Denise Levertov's childhood took shape around her remarkable parents. Her father was a Russian Hasidic Jew who, while in school in Germany, turned to Christianity and, after moving to England, joined the Anglican clergy, though he kept an active dialogue between Christians and Jews, especially during Britain's politically and theologically tense pre-World War Two era. Her Welsh mother came from a family active in the arts and social justice, and she and her husband created an atmosphere of aesthetic and political activity which educated Denise and her sister as thoroughly as any school might have. Levertov, who was taught her school lessons by her mother at home, became a nurse and poet, publishing her first book, The Double Image, in England in 1946. In 1948 she moved with her husband, the American writer Mitchell Goodman, to the United States where their one child, Nickolai, was born in New York in 1949. For some time Levertov wrote and taught in the Northeast. She also read deeply in American literary traditions, from Thoreau and Emerson to Ezra Pound and Robert Duncan and William Carlos Williams. In America, her work shifted from the traditionally formal to what she called a natural formalism, "organic form," where the body's breath, the heart's beating, and the mind's ability to read in multiple ways affected her technique and the technique of others who read her. Levertov also became directly involved in the politics and poetics of protest, and she spoke out against America's war in Vietnam and against violence to the natural world.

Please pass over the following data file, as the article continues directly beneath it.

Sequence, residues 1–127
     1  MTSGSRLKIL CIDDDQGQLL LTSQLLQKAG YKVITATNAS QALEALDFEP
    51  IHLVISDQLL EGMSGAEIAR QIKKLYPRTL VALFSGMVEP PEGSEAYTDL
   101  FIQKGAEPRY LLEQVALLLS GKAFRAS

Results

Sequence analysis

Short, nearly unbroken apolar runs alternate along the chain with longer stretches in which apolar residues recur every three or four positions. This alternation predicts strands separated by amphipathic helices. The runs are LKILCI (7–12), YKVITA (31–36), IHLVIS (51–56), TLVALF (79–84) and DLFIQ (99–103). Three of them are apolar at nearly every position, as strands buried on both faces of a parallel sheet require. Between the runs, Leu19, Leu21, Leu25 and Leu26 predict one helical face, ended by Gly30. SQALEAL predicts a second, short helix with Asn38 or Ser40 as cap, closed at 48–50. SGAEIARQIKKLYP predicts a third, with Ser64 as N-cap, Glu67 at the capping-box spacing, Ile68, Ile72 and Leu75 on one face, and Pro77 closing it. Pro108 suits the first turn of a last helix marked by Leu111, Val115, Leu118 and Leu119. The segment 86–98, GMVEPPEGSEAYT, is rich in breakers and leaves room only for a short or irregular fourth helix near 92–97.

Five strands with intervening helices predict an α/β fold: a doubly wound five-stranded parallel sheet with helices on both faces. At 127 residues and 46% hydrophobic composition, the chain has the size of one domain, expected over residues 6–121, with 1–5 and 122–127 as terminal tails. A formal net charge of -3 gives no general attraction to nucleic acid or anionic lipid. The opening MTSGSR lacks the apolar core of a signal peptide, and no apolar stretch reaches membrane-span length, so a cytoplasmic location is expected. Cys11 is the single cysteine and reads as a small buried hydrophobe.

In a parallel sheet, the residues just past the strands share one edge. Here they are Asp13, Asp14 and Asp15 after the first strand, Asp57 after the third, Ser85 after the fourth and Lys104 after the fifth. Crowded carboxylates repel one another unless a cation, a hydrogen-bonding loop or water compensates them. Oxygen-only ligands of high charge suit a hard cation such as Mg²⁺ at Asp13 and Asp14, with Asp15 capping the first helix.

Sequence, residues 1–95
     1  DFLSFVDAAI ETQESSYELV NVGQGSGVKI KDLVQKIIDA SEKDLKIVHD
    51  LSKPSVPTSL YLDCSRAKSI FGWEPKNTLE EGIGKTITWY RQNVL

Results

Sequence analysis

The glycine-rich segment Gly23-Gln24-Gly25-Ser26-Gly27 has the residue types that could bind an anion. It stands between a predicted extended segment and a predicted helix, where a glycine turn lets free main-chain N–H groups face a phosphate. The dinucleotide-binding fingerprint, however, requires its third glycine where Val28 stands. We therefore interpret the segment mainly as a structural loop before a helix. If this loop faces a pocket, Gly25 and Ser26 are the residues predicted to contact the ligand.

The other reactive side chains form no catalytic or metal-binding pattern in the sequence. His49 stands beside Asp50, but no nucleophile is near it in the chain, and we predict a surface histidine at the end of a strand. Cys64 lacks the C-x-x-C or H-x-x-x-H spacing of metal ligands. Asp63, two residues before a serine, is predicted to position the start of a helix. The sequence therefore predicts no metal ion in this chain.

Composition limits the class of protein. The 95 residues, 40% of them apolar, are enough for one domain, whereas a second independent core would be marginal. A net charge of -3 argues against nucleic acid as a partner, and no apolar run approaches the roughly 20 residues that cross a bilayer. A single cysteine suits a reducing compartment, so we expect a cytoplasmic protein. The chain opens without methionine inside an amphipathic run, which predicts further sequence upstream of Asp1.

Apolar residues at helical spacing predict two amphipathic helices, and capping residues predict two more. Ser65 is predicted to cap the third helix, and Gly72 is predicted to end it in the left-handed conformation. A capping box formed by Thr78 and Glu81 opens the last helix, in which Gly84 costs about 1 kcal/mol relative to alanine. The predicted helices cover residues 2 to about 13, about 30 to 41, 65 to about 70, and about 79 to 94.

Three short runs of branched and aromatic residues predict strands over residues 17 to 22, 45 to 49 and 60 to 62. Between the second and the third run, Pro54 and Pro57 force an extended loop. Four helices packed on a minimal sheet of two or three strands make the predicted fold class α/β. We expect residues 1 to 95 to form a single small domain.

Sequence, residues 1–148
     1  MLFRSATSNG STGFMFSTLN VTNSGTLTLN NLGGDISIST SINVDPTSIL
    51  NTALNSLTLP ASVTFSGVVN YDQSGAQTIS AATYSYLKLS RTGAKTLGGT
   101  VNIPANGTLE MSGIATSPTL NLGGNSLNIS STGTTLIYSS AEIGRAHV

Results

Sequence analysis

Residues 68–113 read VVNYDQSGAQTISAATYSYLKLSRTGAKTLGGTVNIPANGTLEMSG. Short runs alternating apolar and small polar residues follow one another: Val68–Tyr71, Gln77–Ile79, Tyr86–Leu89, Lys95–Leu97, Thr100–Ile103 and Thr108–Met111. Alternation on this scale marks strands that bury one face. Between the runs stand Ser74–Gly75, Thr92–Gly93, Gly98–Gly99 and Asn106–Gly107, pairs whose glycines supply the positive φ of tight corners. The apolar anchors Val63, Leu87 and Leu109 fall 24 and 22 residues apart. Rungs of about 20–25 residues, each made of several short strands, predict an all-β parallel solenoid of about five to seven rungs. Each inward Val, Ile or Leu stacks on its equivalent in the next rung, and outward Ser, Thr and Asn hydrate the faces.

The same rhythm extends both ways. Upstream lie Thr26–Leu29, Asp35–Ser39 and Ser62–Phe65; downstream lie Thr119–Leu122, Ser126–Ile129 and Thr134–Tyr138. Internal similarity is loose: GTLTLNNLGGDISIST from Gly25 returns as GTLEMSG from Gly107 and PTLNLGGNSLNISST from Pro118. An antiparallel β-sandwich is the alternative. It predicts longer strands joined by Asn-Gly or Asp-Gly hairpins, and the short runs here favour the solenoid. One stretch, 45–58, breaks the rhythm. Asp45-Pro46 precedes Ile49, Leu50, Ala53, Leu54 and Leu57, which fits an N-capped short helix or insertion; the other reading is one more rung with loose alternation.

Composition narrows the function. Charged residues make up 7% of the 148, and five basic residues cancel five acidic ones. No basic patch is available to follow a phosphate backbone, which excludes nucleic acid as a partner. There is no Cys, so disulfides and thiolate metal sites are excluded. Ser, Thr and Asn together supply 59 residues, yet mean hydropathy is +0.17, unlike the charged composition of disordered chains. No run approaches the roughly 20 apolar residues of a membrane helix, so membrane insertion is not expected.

To read Levertov is to see to the reader's own interior. Levertov determined that the spiritual life had its bases, and she turned to the mysteries of Christianity, to nature, and to her own brilliant imagination to create a disciplined poetry that allows the reader to read with all the reader's soul, and to trust the guided and guiding spirit behind what the reader discovers.